Relating Anime Characters’ Grieving to My Own Loss

Published in
12 min readDec 24, 2021
Image source: Sora yori mo Tooi Basho (A Place Further Than the Universe)

Deceased parents are a common trope in anime. Many times, though (particularly outside of more action-oriented series), the immediate impact of that death on the surviving characters’ emotions seems to be glossed over — we’ll see the occasional shot of the small shrine in the house/apartment, or part of an episode will involve visiting the gravesite. But much less frequently do I see the characters dealing with or working through that first burst of real grief, and the emotions that come with that loss. Having recently lost a parent myself, and being the kind of person who tends to relate experiences to pop culture references (song lyrics, book and movie and TV show quotes, and similar), I was interested in going back and revisiting those anime series I can recall that do cover how their characters react, or reacted, to such a loss.

Content Warning: I don’t normally like to do these, but I will be discussing parental loss, both in various series, and in real life. Also, spoiler warning applies in general. Finally, a general note: While I will be discussing anime in relation to everything, this will also reference other properties, and be in large part a personal essay on loss and grief.

Image (and quote) source: Doctor Who, “Heaven Sent”

This past August, my father passed away suddenly and unexpectedly (not COVID-related). I flew home to say goodbye before he passed, although at that point, he was already non-responsive. I couldn’t tell you now how it came up, but in talking with someone before we flew home, my wife had said she’d never seen me really cry. And honestly, other than somewhat from pain after badly breaking my ankle, I couldn’t remember when the last time I actually, truly cried was. Teared up on occasions, particularly in response to sad bits of TV shows or movies, but not really cried. But I absolutely cried there in that hospital room, alone with my dad, trying to say goodbye, and how much I loved him and was going to miss him, holding his hand, wishing that he could even squeeze mine back, but knowing that it wasn’t going to happen.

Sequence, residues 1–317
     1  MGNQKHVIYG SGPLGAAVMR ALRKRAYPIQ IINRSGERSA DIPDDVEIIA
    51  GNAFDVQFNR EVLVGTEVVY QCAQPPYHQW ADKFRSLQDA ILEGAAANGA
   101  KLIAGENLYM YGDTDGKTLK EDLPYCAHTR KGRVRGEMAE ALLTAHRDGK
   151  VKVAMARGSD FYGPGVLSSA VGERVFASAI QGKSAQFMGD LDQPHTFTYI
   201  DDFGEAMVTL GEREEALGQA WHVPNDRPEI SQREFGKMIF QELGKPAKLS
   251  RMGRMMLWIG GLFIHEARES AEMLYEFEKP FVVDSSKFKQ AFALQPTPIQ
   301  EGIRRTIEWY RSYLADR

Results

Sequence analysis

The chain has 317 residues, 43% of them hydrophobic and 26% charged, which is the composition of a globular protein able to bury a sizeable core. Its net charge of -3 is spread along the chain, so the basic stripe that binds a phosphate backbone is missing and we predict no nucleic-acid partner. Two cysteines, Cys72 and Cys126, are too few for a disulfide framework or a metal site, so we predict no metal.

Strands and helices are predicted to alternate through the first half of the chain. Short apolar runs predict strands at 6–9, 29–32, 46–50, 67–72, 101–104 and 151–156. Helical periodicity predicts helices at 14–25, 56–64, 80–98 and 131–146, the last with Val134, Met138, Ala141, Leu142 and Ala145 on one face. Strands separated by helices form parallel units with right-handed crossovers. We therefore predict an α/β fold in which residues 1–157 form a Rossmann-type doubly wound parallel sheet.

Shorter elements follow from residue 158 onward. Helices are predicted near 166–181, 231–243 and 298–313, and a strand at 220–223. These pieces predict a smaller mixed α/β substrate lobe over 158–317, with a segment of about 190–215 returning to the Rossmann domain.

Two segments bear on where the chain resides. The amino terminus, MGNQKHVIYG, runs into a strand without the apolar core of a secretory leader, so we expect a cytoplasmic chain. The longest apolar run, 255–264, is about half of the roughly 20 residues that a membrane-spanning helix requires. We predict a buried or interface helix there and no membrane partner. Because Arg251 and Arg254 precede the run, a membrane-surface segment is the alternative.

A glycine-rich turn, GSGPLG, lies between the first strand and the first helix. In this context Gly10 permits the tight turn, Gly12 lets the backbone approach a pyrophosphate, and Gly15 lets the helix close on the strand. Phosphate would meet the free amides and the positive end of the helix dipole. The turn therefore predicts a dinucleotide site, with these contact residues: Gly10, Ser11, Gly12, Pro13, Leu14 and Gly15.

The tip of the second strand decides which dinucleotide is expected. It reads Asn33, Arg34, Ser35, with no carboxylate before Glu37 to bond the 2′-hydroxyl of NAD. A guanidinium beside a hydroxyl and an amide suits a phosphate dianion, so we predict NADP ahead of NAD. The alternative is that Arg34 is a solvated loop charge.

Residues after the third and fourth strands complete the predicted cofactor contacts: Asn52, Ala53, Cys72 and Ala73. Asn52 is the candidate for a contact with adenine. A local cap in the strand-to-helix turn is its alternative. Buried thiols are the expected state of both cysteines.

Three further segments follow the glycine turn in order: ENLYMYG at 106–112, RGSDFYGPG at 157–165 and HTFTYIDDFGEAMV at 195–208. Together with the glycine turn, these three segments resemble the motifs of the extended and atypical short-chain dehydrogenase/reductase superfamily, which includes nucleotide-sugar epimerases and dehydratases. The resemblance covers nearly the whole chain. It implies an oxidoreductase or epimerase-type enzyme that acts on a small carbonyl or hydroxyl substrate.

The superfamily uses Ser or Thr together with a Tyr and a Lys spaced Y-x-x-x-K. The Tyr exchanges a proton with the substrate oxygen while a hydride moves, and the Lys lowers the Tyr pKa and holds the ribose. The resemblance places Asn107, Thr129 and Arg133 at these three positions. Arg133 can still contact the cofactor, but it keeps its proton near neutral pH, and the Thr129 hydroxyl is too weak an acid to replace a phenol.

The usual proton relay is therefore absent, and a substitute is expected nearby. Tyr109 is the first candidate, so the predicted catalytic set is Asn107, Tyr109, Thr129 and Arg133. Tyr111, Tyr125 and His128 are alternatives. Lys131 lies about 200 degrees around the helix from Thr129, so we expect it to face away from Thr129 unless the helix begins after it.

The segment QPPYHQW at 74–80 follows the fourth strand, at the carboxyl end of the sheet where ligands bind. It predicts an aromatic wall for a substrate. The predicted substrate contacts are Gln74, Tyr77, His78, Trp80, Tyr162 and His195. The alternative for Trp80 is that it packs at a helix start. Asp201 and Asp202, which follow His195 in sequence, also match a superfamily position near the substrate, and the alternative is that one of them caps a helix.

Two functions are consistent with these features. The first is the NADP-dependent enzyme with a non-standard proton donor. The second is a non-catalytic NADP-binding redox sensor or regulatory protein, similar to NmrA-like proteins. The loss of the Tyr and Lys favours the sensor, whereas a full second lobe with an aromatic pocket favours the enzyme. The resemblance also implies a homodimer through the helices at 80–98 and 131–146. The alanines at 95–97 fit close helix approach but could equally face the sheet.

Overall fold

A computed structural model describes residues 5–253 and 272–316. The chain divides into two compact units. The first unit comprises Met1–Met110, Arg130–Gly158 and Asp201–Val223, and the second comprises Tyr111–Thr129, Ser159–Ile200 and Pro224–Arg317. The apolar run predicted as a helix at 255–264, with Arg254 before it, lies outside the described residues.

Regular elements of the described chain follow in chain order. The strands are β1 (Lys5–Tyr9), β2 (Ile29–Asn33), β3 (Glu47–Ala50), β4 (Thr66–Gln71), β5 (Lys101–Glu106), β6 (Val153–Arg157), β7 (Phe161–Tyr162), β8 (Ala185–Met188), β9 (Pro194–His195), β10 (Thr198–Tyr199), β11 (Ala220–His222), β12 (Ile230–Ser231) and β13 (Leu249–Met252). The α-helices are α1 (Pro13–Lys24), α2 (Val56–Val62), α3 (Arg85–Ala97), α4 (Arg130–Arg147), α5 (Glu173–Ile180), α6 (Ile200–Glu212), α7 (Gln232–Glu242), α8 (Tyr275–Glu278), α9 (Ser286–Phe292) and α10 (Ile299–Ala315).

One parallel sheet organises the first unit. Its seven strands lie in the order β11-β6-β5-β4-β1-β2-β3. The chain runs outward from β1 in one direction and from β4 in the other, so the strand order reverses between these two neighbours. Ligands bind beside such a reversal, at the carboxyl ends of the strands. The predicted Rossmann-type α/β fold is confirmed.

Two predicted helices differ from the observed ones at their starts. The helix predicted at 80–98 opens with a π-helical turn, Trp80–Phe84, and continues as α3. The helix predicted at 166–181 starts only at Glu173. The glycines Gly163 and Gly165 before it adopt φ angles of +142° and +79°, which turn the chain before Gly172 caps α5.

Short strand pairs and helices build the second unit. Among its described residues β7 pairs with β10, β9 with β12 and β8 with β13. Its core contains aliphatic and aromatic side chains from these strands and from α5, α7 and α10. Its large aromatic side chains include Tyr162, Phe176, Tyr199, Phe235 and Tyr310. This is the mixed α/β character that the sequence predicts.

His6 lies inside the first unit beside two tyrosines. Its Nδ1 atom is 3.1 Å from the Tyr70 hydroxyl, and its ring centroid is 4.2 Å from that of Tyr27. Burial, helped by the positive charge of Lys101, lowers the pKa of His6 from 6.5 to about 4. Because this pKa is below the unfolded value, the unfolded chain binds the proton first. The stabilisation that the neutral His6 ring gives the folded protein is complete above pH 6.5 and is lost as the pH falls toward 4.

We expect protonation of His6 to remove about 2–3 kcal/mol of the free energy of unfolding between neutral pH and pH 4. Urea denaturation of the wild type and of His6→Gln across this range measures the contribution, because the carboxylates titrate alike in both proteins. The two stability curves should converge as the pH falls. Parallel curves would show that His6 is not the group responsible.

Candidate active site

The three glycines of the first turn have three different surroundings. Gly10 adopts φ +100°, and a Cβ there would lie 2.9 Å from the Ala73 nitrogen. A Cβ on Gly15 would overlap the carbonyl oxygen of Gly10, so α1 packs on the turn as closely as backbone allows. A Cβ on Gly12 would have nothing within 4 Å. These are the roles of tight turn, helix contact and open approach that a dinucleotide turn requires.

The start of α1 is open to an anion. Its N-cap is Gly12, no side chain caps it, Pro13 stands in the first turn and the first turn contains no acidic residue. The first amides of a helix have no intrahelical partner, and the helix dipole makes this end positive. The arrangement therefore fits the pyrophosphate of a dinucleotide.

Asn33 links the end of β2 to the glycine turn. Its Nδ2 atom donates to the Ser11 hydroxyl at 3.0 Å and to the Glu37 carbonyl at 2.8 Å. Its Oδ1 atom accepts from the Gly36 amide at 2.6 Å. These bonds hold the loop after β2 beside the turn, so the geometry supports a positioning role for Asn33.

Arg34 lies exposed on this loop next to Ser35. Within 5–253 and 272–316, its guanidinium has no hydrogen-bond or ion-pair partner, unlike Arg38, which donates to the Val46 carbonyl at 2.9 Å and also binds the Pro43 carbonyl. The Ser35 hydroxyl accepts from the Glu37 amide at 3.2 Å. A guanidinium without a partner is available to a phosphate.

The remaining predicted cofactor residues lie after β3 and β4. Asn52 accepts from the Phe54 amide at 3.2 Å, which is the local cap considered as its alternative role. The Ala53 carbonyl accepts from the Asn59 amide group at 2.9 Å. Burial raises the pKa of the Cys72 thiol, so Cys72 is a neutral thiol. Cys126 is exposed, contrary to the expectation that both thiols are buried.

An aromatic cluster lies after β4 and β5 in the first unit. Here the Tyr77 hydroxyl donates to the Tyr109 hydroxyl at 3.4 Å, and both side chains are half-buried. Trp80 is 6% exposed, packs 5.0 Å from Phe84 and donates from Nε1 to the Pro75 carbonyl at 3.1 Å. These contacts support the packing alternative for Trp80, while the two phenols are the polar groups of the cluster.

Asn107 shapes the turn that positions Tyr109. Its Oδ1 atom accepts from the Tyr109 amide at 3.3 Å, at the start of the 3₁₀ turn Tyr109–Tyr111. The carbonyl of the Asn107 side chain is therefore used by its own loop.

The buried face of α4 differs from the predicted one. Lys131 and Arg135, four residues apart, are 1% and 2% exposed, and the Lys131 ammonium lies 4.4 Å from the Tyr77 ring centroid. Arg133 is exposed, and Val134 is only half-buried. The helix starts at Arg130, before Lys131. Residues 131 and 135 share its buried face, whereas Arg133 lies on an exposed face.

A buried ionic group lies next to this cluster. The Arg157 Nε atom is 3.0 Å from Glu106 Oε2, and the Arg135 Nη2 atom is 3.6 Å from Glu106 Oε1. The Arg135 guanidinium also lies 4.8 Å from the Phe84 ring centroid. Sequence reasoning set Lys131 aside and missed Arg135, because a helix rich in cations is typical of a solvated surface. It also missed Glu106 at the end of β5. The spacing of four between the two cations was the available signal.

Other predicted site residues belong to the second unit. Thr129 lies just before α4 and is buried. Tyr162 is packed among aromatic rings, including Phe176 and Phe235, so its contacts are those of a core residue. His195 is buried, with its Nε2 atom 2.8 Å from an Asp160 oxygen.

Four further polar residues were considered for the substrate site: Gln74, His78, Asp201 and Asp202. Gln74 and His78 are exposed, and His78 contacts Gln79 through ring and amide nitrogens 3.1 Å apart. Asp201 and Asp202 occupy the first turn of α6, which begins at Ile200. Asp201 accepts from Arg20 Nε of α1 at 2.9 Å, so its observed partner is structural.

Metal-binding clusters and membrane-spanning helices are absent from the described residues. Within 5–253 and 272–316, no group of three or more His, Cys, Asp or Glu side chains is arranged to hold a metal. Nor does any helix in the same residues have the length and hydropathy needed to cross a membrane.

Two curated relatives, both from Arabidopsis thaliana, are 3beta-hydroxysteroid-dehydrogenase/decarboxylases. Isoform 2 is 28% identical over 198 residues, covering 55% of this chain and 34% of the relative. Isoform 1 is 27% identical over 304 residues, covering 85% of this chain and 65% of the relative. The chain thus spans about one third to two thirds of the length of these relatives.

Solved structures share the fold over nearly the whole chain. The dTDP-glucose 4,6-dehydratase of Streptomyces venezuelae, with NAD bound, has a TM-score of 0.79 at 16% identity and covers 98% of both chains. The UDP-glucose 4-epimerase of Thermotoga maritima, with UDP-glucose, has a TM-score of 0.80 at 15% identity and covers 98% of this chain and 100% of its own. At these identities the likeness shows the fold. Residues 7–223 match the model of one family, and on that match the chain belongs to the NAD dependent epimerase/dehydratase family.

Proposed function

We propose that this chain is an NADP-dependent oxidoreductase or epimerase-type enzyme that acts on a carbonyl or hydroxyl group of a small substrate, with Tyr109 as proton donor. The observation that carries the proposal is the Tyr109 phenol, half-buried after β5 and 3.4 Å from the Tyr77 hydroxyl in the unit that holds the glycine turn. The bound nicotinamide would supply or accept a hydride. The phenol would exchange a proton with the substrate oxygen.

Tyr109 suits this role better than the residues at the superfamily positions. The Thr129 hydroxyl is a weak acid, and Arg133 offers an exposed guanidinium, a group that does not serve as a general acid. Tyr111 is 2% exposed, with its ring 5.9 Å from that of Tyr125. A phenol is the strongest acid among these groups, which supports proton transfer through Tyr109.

I re-discovered the Doctor Who quote above a couple months ago, and there’s absolutely so much truth in it, particularly for the loss of a close family member or friend. You spend the immediate aftermath making arrangements, and supporting others. It’s not that you aren’t hurting, and not even that you don’t have time to grieve — but you’ve got these tasks to do. Family to look after in this first rough patch. But then, you’ve made the arrangements. You’ve attended the funeral. Possibly you’ve accompanied the casket (or urn) to the burial site, depending on the preferred funerary customs of the deceased and your culture. After that though… this set of immediate to-dos ends. And you’re left somewhat adrift, to deal with and process your grief.

I’d give anything to have them back.

Image source: Full Metal Alchemist: Brotherhood

In the Fullmetal Alchemist series (both original, and Brotherhood, as well as the original source), brothers Edward and Alphonse Elric try to use alchemy to bring back their mother after she passed away. While I’m not sure I’d go so far as to risk life and limb meddling in Things Man Was Not Meant To to bring back my dad (especially since he was able to be an organ donor), I get that feeling of wishing you could do anything to see them again, to be able to talk to them again. And for quite some time, it’s sort of soul-crushing every time you run into some situation that reminds you, you can’t, at least not in this life.

They can’t be dead. It’s not possible.

On the other hand, we have Rikka from Love, Chuunibyou, & Other Delusions, whose chuuni behaviors are at least in part a way to escape from handling the death of her father several years before. And in A Place Further Than the Universe, Shirase refuses to accept the reality that her mother passed away three years earlier until her mother’s laptop is found, and Shirase logs in to find that all of the daily emails she’s sent her mom since she was lost are still unread.

Dammit, I’m about ready to ugly cry again.

I very much understand wishing I could turn away from the truth of losing my dad. Like Shirase, I want to let him know almost every day how things are going, what’s happening in our lives, what his grandson accomplished, or things I’ve done. And I can’t. “It’s all the days they stay dead.” There are so many times when I share something, or I see a video, or have a snarky comment I want to make, when I think “I wish I could send this to Dad” and then the hurt comes back.

If only I could have told them…